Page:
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German Ruling Upholds Gay Marriage

Rights: Three states that challenged the law say the decision is a blow to the nuclear family.


BERLIN — Legal recognition of same-sex marriages presents no threat to heterosexual couples, Germany's Constitutional Court ruled Wednesday in a blow to conservatives who have waged a campaign for traditional family values in this emotionally charged election season.

Conservatives in the three states that challenged the year-old gay marriage law conceded defeat but continued to loudly lament what they see as deterioration of official support for the nuclear family.

Bavarian Gov. Edmund Stoiber, who is challenging Chancellor Gerhard Schroeder for national leadership in the Sept. 22 election, called the high court ruling "regrettable." But he said he and his rightist political allies would not seek to repeal the gay rights legislation if they win the election.

Meanwhile, liberal Berlin celebrated the legal milestone in this country where Nazis once persecuted homosexuals, who until 1969 were defined as criminals.

Mayor Klaus Wowereit, Germany's most prominent openly gay politician, praised the decision as "a meaningful contribution to ending centuries of discrimination."

Schroeder's Social Democrats and their coalition partners, the Greens, also heralded the ruling as validation of the social policies defining the center-left government, which is facing a tough reelection battle.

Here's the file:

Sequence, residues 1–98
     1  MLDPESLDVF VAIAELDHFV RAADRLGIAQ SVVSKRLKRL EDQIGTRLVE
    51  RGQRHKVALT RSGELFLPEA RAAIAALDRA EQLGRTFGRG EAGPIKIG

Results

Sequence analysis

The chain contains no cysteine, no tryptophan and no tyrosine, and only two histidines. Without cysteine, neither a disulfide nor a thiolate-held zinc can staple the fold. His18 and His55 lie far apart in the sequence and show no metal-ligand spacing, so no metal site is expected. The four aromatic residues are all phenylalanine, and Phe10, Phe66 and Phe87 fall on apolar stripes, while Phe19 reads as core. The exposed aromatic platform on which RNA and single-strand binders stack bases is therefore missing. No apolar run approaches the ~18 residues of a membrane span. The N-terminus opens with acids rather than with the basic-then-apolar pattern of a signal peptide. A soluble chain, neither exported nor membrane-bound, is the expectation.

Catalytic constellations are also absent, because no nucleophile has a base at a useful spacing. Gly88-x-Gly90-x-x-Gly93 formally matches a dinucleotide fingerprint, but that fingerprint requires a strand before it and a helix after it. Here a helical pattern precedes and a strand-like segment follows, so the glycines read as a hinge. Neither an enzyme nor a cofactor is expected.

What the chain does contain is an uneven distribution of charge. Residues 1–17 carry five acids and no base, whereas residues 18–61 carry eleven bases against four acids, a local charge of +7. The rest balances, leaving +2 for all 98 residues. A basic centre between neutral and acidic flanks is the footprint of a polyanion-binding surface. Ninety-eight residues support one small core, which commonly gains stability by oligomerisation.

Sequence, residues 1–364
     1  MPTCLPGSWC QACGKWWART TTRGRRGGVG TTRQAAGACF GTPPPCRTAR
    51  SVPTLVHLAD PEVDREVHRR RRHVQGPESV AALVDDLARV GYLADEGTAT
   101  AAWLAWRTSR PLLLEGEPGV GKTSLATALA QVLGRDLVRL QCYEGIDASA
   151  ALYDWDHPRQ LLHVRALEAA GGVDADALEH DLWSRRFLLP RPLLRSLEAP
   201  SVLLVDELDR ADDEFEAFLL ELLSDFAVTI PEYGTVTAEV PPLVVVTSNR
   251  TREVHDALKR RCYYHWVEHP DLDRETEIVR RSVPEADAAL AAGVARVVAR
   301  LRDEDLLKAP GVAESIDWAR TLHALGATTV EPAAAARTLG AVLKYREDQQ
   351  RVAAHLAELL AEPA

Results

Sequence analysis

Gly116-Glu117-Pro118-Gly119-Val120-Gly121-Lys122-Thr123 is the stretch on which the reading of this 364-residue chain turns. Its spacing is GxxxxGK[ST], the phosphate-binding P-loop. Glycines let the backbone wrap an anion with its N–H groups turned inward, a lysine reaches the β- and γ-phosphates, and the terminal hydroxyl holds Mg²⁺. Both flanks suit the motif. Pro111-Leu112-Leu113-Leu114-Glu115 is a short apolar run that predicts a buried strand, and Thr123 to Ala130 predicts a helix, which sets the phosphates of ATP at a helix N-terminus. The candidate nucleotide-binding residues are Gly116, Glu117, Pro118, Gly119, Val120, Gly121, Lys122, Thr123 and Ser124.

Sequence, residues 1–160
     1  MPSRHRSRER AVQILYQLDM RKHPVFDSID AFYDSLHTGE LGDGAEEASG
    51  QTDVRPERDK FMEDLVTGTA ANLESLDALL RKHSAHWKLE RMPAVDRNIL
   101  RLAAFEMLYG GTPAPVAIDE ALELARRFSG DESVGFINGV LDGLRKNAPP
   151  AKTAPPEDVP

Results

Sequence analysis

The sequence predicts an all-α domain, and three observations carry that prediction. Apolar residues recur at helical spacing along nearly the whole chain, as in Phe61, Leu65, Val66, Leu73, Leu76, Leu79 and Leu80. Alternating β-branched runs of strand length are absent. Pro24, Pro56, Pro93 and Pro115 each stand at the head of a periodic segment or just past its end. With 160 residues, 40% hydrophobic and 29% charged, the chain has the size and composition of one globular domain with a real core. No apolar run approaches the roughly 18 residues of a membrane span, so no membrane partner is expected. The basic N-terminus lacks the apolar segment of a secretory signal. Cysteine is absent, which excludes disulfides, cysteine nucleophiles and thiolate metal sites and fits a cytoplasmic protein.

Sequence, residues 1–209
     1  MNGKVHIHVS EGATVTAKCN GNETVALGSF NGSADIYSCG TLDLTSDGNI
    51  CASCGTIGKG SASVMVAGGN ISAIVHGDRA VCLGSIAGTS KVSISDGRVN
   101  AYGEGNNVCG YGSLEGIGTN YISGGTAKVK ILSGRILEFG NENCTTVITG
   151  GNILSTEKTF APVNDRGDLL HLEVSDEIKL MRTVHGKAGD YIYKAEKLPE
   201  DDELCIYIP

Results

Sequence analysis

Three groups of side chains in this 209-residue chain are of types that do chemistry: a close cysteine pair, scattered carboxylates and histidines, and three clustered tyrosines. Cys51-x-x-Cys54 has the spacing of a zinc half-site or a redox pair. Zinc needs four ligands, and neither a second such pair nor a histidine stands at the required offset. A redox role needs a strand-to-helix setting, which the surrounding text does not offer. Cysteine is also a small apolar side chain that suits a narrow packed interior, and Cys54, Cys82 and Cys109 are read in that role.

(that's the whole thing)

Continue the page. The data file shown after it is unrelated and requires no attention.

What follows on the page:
Justice Minister Herta Daeubler-Gmelin said the court's 5-3 decision to uphold the constitutionality of gay unions was proper and urged Stoiber and his conservative allies in the Christian Democratic Union to cease their parliamentary and legal blockade of other legislation meant to enhance gay rights.

The Constitutional Court challenge was brought by the states of Bavaria, Saxony and Thuringia, all governed by conservatives who contended that legal status for gay marriages violated the 1949 Basic Law's protection of marriage and family.

In its ruling, the court said that "marriage is neither damaged or in any other way restricted" by the new law. Gay marriages are also recognized in Denmark, Sweden, France and the Netherlands.

"This is everything we have wished for," Axel Blumenthal of the Lesbian and Gay Assn. of Germany said. He predicted that thousands more same-sex couples will join the 4,400 pairs married since the law took effect Aug. 1, 2001, now that their legal rights have been affirmed.

The law allows gays to wed at government registry offices, extends inheritance and insurance rights to both partners and requires a legal decree of divorce in the event of the relationship's dissolution.

Legislation is pending in the Bundestag, the lower house of Parliament, that would accord the same tax privileges to gay marriages as to heterosexual couples.

All major political parties except the CDU and their Christian Social Union allies in Bavaria hailed the ruling as a positive step toward guaranteeing equal rights.

Stoiber this month named a 28-year-old unwed mother as his social policy advisor in a bid to improve his standing in the former Communist east and among women. But the choice of Brandenburg state legislator Katherina Reiche as his aide angered many traditionalists in his party. That may explain her about-face on gay rights: In an interview Wednesday in the conservative Die Welt daily, she deemed such unions unacceptable.

Roman Catholic Church leaders have long opposed the recognition of gay partnerships as legal marriages and refuse to sanctify the unions with church rituals.

The Catholic Bishops Conference in Germany lamented the upholding of gay marriage as constitutional. Cardinal Karl Lehmann warned that equating homosexual marriage with the sacramental state between a man and a woman constitutes "damage to society."

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